Mike Noegraf, “Outrospection” Album Review
While I was listening to “Outrospection,” the new album by French singer/songwriter Mike Noegraf, I found myself thinking about Chris Isaak. Not because there are any musical similarities. Noegraf doesn’t play blue-hued rockabilly, and he doesn’t have a heavenly falsetto. But much like Isaak, how you feel about this album will depend very much on how you feel about Noegraf’s aesthetic.
He plays country-tinged, intimate folk music that occasionally throws in some gritty electric guitars and percussion for texture. The press release that goes with this album cites Brian Fallon and Ed Sheeran as touchstones, but this music feels more authentic to me; this is “heartfelt” in the best sense of the word.
Noegraf has an ear for strong folk melodies, and his halting, here-goes-nothing vocal delivery is effective; it feels like he’s talking softly directly to you, confessing his doubts and fears.
And this is most definitely an album full of doubts and fears. The opening cut, “Fill Up The Blanks,” puts us right into the thick of things; the first line is “I was only four when you left for good,” and the rest of the song is about how a now-grown man handles his feelings of abandonment while raising his own kids.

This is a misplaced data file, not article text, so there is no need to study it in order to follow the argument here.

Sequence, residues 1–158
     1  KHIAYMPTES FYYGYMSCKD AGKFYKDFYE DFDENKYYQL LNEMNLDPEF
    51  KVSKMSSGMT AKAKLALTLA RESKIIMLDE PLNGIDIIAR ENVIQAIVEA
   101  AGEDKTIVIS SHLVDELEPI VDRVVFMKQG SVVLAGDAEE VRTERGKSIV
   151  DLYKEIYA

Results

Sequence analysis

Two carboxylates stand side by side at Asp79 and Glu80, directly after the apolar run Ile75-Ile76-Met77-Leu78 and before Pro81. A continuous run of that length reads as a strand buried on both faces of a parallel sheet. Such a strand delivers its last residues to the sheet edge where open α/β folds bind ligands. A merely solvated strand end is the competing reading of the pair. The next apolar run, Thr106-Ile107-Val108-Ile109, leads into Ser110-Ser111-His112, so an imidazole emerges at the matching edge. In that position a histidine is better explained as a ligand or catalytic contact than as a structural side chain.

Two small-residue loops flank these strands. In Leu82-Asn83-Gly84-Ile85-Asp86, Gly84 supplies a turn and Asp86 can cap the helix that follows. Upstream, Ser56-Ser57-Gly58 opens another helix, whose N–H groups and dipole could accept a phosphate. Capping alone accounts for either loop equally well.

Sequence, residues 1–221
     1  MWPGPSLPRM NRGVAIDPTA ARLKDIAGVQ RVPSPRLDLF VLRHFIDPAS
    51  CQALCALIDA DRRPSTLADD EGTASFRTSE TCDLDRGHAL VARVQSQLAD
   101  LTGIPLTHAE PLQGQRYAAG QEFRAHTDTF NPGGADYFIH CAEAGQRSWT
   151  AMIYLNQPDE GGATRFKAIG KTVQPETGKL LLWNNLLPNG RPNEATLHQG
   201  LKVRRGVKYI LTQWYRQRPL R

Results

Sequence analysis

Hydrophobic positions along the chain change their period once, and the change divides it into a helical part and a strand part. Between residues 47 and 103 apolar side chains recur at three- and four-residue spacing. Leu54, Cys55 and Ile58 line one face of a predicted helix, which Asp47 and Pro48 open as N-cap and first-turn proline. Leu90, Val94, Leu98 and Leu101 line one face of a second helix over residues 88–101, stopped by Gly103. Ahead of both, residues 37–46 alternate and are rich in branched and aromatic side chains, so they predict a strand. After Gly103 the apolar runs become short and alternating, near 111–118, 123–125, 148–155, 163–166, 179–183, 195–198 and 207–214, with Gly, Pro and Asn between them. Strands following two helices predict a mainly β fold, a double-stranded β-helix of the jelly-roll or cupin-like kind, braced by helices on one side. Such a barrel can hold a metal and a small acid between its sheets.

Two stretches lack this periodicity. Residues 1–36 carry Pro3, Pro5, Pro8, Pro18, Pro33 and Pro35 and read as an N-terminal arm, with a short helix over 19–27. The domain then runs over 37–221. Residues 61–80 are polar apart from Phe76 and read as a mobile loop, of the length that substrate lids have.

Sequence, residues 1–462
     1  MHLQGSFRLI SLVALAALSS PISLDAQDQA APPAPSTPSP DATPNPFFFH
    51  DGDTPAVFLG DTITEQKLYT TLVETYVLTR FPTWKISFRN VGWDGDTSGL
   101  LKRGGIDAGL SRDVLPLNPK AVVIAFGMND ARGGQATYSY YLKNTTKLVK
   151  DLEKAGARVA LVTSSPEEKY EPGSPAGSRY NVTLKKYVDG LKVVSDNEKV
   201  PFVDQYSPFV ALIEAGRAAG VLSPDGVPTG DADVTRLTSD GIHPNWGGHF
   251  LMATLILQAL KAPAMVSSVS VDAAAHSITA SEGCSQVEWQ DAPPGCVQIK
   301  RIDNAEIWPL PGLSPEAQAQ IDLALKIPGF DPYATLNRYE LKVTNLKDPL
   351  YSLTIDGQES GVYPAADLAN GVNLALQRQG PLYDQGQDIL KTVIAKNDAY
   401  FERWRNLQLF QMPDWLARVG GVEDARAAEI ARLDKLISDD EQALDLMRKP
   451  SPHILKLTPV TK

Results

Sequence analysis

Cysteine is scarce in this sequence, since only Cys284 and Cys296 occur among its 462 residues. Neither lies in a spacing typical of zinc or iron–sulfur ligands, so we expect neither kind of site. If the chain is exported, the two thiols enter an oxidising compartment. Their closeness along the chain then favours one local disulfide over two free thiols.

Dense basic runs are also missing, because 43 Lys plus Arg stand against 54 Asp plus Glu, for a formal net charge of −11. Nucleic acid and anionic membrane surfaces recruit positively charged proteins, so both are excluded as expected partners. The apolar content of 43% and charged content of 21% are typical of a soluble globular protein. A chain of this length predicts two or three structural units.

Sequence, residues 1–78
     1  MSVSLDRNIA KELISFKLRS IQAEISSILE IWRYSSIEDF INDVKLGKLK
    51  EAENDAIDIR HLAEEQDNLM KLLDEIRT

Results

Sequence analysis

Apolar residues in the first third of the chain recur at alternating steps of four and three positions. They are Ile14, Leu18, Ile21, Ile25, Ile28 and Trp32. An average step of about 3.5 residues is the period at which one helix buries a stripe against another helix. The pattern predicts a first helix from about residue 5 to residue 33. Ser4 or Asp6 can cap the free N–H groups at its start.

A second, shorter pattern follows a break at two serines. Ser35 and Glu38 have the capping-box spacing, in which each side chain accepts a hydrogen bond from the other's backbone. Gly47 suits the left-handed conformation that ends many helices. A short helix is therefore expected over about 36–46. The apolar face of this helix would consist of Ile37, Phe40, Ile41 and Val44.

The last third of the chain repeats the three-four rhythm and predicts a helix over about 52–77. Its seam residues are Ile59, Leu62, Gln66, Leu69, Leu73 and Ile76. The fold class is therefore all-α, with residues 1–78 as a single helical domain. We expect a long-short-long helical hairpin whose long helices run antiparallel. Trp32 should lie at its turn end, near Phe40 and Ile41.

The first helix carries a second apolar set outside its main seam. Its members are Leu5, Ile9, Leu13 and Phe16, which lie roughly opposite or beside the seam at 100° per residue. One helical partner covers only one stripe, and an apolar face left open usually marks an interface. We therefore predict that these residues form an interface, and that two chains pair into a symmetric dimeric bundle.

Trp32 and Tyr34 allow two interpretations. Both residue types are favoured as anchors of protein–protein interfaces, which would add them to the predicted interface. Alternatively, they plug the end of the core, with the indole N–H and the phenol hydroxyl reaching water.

“Outrospection” is filled with moments like this. The title track is a heartbreaking remembrance of a lost love, with lines like “You’re still here everytime I close my eyes/And your laugh is still rocking me at night” standing out. “Life Is A Trial” is self-explanatory, as is “Unconditional Love.” There are poetic lyrics on the album, but you always know what Noegraf is talking about.
The issue is that, over 13 tracks, the songs start to bleed into one another; things start to sound the same. As strong as they are melodically, Noegraf has found his approach and sticks to it, blending acoustic guitar with subtle electric embellishments and shining the spotlight on his tentative, hushed vocals.
If you enjoy that sound, you’ll probably enjoy the whole album; if you’re looking for a wider palette of sounds, “Outrospection” wears out its welcome after a while. -Vincent Harris
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